Listen. Period.

The beauty of having a dad who grew up on the coast is that every summer, for most of the summers in our childhood, we would head south to Corpus Christi, Texas. Aside from the obvious joys of reconnecting with cousins, aunts, uncles, grandparents, and great-grandparents, the highlight of our trip was our outing to Padre Island, one of Texas’ several barrier islands and home to some of our better beaches.

As much as we all like to joke that Texas coasts are the “landfill of the Gulf” due to the way currents run from Florida, we saw our fair share of wildlife: stingrays, jellyfish, and the almost apocryphal tale of the time my dad emerged from the waves with tiny fish in his swimming shorts (8 year-old Kristen thought it was absolutely hilarious, obviously).

One of my favorite things to do was to gather sea shells. There were not too many whole ones; often, what I would uncover was fragments here and there. One trip, I distinctly remember enlisting my cousins in the search for shells, and after a long quest interrupted by some boogie board sessions and a few unauthorized trips to explore the nearby dunes, one of my cousins unearthed what appeared to be a hermit crab shell that was the size of my tiny, fourth-grade palm.

We all marveled at it, then fought over it, and then were instructed to return it to the ocean since we were all behaving like you would expect children would. But before the adults stepped in to reestablish order, we took turns listening to it, holding it up to our ears and listening for the ocean.

For the scientists out there, yes, I know we were all hearing our own heartbeats, but at the time, it was like hearing a diary of this little house, as if the little crab has written all of his or her thoughts on the walls and we were now hearing them. Every wave, every storm surge, every brush of seaweed- it was all there, and all we had to do was listen.

We seem to have lost the art of listening. 

Now, before you jump into naming names who I’m sure we’re all tempted to name (given that it is October of 2018, after all), hear me out for a moment.

We seem to have lost the art of listening, both liberals and conservatives. We’ve replaced our duty to bear one another up with divisive actions such as judgement, and categorizing, and making blanket assumptions about large groups of diverse people.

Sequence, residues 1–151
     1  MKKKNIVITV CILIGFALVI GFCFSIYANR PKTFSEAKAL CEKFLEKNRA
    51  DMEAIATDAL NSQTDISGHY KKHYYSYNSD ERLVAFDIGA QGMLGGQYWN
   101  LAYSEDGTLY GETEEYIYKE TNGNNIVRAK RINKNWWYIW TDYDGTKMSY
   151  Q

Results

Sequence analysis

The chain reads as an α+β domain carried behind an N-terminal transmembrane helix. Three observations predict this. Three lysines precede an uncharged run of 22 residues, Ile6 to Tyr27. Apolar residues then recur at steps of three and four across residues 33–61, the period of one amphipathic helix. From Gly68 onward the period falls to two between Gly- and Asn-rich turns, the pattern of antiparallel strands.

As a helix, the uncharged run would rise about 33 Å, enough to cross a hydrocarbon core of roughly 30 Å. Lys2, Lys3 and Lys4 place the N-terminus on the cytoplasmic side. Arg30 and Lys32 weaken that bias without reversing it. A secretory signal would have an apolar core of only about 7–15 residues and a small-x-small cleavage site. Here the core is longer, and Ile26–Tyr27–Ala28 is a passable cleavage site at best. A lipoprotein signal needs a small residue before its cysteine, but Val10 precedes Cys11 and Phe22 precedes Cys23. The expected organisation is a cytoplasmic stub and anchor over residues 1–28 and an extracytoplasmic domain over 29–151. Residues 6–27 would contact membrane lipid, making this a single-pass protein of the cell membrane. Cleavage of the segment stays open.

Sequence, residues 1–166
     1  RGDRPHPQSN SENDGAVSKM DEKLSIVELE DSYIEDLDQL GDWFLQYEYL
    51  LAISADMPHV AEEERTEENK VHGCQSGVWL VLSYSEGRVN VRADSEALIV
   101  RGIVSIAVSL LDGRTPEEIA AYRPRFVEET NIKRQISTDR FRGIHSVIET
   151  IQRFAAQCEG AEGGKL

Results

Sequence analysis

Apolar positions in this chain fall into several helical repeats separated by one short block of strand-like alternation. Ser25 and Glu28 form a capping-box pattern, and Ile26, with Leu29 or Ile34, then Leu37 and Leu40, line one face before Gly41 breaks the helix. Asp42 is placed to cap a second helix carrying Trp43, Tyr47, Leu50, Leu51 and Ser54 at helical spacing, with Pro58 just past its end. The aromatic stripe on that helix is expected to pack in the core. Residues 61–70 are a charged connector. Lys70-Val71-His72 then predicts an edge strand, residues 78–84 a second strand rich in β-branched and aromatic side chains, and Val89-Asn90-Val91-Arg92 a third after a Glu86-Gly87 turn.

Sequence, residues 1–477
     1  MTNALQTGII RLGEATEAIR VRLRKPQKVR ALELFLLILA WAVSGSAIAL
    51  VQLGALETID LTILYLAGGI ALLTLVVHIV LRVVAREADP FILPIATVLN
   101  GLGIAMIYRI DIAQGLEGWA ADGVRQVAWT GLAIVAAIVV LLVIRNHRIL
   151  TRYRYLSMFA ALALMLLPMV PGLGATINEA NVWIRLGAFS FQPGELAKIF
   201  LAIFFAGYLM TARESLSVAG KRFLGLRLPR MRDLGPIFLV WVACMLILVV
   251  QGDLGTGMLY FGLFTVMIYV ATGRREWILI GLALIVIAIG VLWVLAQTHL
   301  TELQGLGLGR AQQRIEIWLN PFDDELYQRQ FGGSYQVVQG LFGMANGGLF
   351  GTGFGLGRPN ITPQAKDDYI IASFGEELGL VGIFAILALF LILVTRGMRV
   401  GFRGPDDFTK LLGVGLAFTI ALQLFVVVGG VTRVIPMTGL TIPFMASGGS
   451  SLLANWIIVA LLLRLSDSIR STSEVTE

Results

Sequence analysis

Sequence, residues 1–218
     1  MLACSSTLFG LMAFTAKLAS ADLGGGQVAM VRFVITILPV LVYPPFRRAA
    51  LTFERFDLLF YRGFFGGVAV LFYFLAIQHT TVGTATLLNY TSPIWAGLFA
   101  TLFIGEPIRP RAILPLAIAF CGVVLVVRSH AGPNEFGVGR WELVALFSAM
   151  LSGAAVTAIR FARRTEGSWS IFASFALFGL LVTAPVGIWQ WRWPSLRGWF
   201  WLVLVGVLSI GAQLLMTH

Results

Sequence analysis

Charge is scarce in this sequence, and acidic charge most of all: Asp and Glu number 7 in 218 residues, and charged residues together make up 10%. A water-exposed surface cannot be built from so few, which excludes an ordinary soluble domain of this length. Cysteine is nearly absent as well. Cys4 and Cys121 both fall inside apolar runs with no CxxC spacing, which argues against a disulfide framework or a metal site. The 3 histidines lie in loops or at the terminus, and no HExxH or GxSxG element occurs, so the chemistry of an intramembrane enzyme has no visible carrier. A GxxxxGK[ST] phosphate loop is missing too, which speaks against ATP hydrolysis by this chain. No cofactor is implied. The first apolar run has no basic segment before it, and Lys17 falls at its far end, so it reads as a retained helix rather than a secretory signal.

Friends, the best part about listening is that it essentially requires very little effort. That doesn’t mean that it isn’t difficult, especially for those of us who think we have awesome opinions, but on paper, it really is an easy task. 

When was the last time you felt listened to? When was the last time you felt truly heard? What did it feel like?

Truth, aside from the scientific variety, is hard. We all think we know it, and yet sometimes we are wrong. However, if we commit ourselves to the holy process of listening, it’s amazing how much truth we can actually glean.

Richard Rohr puts it like this:

We cannot settle today’s confusion by pretending to have absolute and certain answers. But we must not give up seeking truth, observing reality from all its angles. We settle human confusion not by falsely pretending to settle all the dust, but by teaching people an honest and humble process for learning and listening, which we call contemplation. Then people come to wisdom in a calm and compassionate way. There will not be the knee jerk overreactions that we have in so many on both Left and Right today.

I grew up believing that the mere act of listening was somehow dangerous, that Satan could enter my mind just by my listening to someone who was different from me. The weirdly funny thing is that the times I have felt the presence of God the most intimately has been when I laid down my axe that I was grinding and just simply observed what was happening around me. Empathy needs space to grow. Compassion needs silence to flourish. God needs us to listen with intent to one another. Note that I don’t say that we have to agree.

As we move forward, one of the only ways I can see any hope is to listen to the hearts of my neighbors. Like a seashell, it’s amazing the stories you will hear.